Queensland has reported no new community-acquired cases of COVID-19 today, despite the threat of transmission from a health student infected in Melbourne, a family who caught the virus in Sydney hotel quarantine, and an airport worker.
There are 358 close contacts of the student, 316 from the family, and 382 from the airport worker in isolation or hotel quarantine. Thousands more travellers are currently in quarantine, and Deputy Premier Steven Miles today said the system was under pressure.
While the restrictions that have lingered in south-east Queensland since the last lockdown were due to be eased tomorrow, Chief Health Officer Jeannette Young has made last-minute changes to limit the risk of the Delta variant spreading in the community.
Young said the Sydney outbreak had spread to regional NSW, as well as other states, and the “ongoing escalation of their risk down there” was reason enough to halt unnecessary interstate travel. This will also ease pressure on hotel quarantine.
NSW today reported 124 community-acquired cases, the highest daily tally of the current outbreak, prompting Premier Gladys Berejiklian to warn people to “assume anybody you’re in contact with has the virus”.
From 1am Friday, the Queensland-NSW border will be closed to everyone except local residents in the bubble zone, and, separately, returning Queenslanders and exemption-holders who would still have to enter 14-day hotel quarantine.
Travel to and from the ACT will be discouraged but not restricted to the same extent as NSW.
Deputy Police Commissioner Steve Gollschewski said checkpoints would reappear at Queensland border crossings and, with congestion and delays expected, he encouraged motorists to “pack your patience”.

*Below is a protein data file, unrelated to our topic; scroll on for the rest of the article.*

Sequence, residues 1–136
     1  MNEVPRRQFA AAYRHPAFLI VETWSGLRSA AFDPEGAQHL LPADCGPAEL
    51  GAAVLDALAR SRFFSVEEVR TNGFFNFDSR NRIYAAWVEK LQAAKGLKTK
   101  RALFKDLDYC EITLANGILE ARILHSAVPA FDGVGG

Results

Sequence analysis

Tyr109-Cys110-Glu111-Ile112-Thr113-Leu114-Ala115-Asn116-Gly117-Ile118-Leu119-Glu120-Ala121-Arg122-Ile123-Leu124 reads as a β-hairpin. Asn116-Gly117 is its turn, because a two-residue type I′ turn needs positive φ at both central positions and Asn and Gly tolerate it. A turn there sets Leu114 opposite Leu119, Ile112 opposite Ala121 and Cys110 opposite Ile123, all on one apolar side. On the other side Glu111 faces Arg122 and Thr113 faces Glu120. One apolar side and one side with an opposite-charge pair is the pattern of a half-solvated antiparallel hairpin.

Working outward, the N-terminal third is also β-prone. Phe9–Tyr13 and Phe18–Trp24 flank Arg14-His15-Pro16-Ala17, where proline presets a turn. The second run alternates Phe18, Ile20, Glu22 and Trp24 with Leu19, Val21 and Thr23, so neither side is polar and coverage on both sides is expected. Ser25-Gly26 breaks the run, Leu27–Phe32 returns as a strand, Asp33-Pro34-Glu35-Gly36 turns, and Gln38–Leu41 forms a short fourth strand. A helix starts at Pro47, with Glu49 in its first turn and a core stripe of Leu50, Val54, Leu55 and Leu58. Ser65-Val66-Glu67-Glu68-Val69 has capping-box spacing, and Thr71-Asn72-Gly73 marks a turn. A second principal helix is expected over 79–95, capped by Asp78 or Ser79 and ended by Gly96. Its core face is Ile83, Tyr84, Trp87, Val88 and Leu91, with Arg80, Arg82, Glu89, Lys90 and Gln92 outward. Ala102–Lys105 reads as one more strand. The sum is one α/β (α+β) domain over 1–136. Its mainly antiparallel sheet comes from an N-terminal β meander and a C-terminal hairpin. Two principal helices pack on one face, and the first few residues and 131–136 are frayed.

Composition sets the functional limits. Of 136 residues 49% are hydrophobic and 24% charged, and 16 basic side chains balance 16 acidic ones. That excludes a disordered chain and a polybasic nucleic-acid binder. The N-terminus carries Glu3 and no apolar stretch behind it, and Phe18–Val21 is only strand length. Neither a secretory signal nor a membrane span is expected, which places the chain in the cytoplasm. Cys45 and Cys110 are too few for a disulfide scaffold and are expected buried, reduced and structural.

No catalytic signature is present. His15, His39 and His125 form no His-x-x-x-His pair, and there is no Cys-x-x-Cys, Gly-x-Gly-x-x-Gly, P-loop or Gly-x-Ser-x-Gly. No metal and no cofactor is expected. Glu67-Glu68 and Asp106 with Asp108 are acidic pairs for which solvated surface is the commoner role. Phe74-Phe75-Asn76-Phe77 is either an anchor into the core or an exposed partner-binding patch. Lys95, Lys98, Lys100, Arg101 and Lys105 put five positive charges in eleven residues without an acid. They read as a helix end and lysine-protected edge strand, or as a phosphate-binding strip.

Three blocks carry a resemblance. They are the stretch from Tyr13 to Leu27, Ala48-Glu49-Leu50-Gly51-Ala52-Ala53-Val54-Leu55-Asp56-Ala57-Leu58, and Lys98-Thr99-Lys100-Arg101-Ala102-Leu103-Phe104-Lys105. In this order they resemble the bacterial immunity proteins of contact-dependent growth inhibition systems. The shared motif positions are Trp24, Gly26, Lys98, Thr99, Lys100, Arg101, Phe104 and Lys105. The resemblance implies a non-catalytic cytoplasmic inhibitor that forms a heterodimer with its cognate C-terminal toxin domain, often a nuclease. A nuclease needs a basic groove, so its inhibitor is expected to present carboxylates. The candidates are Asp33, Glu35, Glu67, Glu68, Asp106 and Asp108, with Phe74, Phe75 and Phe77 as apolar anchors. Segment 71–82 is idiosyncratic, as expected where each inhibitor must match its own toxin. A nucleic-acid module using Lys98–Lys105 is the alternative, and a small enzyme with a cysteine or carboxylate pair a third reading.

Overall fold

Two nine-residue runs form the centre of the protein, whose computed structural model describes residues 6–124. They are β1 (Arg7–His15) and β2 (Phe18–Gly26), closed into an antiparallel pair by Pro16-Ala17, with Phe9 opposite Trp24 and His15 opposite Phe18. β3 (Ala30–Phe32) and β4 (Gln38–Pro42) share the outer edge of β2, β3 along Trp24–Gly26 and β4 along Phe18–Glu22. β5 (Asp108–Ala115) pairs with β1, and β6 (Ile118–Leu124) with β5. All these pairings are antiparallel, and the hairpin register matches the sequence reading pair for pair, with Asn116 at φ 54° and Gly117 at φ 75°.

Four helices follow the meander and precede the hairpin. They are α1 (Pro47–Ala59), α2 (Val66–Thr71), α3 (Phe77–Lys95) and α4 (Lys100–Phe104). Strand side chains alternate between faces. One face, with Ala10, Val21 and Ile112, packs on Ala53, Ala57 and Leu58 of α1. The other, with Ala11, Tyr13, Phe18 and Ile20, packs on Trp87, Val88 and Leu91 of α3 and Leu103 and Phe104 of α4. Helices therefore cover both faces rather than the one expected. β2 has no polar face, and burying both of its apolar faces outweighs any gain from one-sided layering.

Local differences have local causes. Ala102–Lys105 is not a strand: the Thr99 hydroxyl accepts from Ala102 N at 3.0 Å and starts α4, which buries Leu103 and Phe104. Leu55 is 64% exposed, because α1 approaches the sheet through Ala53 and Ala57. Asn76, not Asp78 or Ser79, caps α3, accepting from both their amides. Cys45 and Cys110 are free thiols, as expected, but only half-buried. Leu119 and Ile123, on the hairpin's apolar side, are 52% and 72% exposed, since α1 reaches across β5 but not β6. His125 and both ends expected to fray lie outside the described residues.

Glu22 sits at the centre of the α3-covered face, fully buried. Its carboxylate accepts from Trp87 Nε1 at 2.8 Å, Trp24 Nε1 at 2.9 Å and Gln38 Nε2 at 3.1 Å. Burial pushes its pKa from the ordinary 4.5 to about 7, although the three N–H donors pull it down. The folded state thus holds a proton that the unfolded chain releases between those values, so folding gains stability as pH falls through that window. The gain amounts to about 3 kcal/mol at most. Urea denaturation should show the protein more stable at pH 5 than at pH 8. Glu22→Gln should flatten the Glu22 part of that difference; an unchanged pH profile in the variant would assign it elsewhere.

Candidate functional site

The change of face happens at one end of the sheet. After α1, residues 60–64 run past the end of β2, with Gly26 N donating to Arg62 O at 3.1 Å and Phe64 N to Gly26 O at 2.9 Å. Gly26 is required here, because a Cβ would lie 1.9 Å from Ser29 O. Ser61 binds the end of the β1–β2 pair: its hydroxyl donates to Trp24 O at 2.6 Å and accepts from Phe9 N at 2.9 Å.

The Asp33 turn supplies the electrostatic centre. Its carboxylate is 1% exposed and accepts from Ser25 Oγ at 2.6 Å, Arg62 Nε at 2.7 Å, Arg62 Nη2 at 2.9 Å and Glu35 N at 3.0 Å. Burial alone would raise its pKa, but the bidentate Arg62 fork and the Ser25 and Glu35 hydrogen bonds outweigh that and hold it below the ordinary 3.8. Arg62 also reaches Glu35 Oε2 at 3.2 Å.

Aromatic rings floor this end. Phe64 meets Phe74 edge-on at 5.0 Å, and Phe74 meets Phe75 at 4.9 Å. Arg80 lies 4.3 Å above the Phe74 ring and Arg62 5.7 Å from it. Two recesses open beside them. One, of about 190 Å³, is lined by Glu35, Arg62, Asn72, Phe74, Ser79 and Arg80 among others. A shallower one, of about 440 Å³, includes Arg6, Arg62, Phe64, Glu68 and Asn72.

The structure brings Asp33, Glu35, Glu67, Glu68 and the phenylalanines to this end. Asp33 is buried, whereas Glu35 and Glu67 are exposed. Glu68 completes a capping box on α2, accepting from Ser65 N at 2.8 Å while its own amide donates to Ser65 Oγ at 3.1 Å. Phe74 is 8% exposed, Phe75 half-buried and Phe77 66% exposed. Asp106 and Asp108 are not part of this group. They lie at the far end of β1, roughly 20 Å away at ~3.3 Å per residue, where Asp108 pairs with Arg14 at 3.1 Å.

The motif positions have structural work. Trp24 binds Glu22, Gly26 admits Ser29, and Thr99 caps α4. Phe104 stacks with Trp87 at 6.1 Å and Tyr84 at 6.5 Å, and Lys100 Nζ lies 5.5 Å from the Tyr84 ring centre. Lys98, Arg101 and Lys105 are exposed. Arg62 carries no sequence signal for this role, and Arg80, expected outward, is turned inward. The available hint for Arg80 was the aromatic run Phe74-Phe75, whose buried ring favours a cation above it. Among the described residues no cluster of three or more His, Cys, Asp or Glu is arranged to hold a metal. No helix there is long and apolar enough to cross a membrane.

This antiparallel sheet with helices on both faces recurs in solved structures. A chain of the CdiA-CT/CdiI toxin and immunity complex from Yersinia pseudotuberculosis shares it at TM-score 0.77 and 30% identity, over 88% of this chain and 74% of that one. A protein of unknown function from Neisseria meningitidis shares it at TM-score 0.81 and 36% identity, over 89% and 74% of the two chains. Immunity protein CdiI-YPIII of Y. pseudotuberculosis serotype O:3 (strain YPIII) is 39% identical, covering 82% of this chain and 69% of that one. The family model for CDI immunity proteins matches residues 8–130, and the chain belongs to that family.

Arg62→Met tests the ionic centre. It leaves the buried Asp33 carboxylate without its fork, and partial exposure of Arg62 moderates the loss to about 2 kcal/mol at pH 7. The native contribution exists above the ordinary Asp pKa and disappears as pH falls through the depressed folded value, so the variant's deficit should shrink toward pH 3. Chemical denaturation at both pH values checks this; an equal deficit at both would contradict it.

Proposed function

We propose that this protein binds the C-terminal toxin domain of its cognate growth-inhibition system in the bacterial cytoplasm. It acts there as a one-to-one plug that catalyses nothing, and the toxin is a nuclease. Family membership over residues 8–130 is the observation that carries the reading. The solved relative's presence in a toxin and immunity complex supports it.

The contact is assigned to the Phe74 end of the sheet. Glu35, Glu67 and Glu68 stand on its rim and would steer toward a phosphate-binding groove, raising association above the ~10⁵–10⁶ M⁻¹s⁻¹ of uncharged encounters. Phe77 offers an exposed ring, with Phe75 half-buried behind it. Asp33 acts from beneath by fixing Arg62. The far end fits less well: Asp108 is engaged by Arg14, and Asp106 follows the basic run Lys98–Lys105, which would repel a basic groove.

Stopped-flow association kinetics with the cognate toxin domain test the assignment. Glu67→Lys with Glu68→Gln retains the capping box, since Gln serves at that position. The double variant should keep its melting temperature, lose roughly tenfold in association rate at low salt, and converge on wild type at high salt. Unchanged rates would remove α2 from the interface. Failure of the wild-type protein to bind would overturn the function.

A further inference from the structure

Gollschewski also reiterated the need for people to comply with the rules, after a truck driver with the wrong paperwork allegedly drove at police, other motorists failed to have the correct permits, someone tried to escape hotel quarantine, and people still refused to wear masks.
Lockdowns in southern states have seen major sporting events transferred to Queensland, and the turmoil that followed infections at an AFL game at the MCG – which led to the student being infected – also has Young concerned.
“People can often come from a long way away, go to the stadium and then disperse,” Young said.
Queensland allows free public transport to major events but, with no check-in requirements on buses and trains, there is no way to confirm the movement of spectators or alert potential close contacts.
As a result, stadia of more than 20,000 seats will now be restricted to 75 per cent capacity, and spectators will no longer be able to remove their masks as soon as they sit down.
“I now need you to keep the mask on the entire time you’re in the stadium unless you’re seated and eating and drinking,” Young said.
In south-east Queensland, social distancing requirements will be eased, visitors will be allowed back into hospitals, aged care and disability services, however masks will still be required for another seven days – including, Young said, while people are dancing in nightclubs.
Queensland’s move to reinstate a hard border with NSW has sparked calls by small local councils for financial help to cover the cost of managing the closure.
The Local Government Association of Queensland is pushing the state government to reimburse the councils affected.
LGAQ chief executive Greg Hallam said costs already borne by some councils from previous border closures represented about 15 per cent of their annual general rates income.
“Asking border councils to simply accept 15% of their rates revenue being redirected to border closure costs ultimately means their communities miss out on core council services being delivered for their communities,” he said.
Those most affected included Goondiwindi, Paroo, Balonne, Southern Downs and Bulloo councils.
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